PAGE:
• A recent study* showed that flu vaccine reduced children’s risk of flu-related pediatric intensive care unit (PICU) admission by 74% during flu seasons from 2010-2012.
    • One study showed that flu vaccination was associated with a 71% reduction in flu-related hospitalizations among adults of all ages and a 77% reduction among adults 50 years of age and older during the 2011-2012 flu season.
    • Flu vaccination is an important preventive tool for people with chronic health conditions. Vaccination was associated with lower rates of some cardiac events among people with heart disease, especially among those who had had a cardiac event in the past year. Flu vaccination also has been shown to be associated with reduced hospitalizations among people with diabetes (79%) and chronic lung disease (52%).
    • Vaccination helps protect women during pregnancy and their babies for up to 6 months after they are born. One study showed that giving flu vaccine to pregnant women was 92% effective in preventing hospitalization of infants for flu.
    • Other studies have shown that vaccination can reduce the risk of flu-related hospitalizations in older adults. A study that looked at flu vaccine effectiveness over the course of three flu seasons estimated that flu vaccination lowered the risk of hospitalizations by 61% in people 50 years of age and older
    So, don't wait--vaccinate!!!  Getting your flu vaccine here at the Health Department helps to fund programs provided to our Morgan County families throughout the year.

    Vaccine is available: Mondays:10-12 and 1-6
                                     Tuesdays: 8-12 and 1-4
                                                            Thursdays and Fridays    8-12 and 1-4

    This child shows a classic day-4 rash with measles.
    A lot of information has been in the news lately about the measles.  Do you want more information about measles?  Follow this link:
    Do you need a measles vaccination?  Click and see:
    For more information ---Call us  217-245-5111


      Why Recycle??
     
        Recycling may require a few extra minutes and conscious commitment.  However, by recycling, the negative impacts on the environment can be minimized and promote a safer and more sustainable community. 
     
        Recycling conserves energy and our natural resources, saves landfill space, as well as reduces water and air pollution.  As environmental awareness increases, recycling increases in relevance.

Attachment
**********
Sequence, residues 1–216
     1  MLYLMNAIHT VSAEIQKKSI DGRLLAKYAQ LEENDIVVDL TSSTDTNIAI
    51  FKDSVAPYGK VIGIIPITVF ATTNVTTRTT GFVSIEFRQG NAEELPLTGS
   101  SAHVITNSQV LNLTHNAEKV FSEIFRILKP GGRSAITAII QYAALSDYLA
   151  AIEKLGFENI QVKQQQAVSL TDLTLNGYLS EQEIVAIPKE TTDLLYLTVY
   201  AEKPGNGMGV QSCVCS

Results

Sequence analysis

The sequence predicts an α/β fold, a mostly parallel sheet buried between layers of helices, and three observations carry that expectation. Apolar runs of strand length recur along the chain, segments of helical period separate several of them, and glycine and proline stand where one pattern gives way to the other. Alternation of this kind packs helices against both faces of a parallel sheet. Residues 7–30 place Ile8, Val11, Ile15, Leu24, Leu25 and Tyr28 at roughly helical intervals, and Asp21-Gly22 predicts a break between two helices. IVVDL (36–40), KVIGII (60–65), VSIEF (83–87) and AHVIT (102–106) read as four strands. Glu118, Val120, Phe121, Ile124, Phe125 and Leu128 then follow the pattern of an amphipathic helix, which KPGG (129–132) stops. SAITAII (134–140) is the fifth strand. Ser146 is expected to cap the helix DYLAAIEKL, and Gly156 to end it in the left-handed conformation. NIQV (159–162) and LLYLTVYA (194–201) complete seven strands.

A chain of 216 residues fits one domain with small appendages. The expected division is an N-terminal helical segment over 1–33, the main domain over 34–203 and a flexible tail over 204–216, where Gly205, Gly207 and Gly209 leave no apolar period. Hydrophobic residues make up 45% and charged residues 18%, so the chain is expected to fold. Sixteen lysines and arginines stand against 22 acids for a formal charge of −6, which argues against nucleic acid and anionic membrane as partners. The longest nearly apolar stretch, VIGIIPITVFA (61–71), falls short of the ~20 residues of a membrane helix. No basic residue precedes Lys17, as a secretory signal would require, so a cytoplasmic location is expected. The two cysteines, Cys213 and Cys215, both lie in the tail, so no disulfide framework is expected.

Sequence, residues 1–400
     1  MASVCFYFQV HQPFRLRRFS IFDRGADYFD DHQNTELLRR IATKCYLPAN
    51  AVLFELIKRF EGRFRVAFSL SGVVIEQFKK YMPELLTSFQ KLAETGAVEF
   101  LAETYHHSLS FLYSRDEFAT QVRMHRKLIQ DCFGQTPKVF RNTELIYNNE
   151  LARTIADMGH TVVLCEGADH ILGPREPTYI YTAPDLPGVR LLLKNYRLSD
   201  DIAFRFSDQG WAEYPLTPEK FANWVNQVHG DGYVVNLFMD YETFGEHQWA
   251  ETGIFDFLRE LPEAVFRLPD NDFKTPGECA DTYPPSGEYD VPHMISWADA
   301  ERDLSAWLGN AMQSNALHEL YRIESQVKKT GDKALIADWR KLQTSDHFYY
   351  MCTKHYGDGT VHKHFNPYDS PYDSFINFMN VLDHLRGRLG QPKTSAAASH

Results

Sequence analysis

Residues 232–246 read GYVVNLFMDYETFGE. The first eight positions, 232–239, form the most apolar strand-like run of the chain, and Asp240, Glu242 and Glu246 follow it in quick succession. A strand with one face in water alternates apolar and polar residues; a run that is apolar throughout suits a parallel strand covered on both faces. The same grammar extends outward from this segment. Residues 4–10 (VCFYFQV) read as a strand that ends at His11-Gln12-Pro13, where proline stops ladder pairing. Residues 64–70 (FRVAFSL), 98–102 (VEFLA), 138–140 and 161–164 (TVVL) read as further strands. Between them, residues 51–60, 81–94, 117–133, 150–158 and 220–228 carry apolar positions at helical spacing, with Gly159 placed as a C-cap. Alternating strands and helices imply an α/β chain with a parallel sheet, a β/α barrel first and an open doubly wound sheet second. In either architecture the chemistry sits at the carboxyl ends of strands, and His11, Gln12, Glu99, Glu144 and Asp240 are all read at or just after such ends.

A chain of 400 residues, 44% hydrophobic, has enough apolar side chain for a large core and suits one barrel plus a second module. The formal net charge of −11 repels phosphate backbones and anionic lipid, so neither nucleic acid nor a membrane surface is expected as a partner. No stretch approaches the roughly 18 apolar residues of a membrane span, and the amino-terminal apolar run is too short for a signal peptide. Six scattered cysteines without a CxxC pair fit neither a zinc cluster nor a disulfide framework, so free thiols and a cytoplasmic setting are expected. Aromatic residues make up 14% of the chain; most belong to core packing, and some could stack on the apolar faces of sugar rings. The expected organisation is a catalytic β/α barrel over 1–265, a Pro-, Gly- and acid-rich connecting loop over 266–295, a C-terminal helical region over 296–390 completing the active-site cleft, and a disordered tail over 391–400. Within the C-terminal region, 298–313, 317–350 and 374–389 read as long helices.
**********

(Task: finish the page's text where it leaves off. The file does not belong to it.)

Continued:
The common montra Reduce, Reuse, Recycle combined with purchasing recycled products comprise a comprehensive waste and resource reduction strategy that benefits our natural world.  For every 1,000 tons of recycled material, 15 jobs are created as compared to less than one job created by land filling the material.
     
        The US Environmental Protection Agency estimates that 70% of the waste Americans produce could be recycled.
     
        The Morgan County Health Department has dedicated a section of our website for information and education to help you with your recycling efforts.
     
        Recycling is a very important part of our countys waste management.  Click on the page at the left for more information about recycling opportunities in Morgan County.
     



     
     
     
    WE NEED YOU!!!

    A disaster can strike anywhere, whether it’s a hazardous material or weapons of mass destruction or a natural disaster like a tornado or flood.   Problems arising from emergencies and disasters pose a threat to human health, well-being, and survival.

     

        In the event of a disaster, the health department would need volunteers to help us help the citizens of Morgan County.  We will need medical staff as well as support and environmental staff.  If  you would be interested in being on our list, please fill out the Volunteer application and send it to us.

     

      Click here for the Volunteer Application.

     

     Thank you for your support!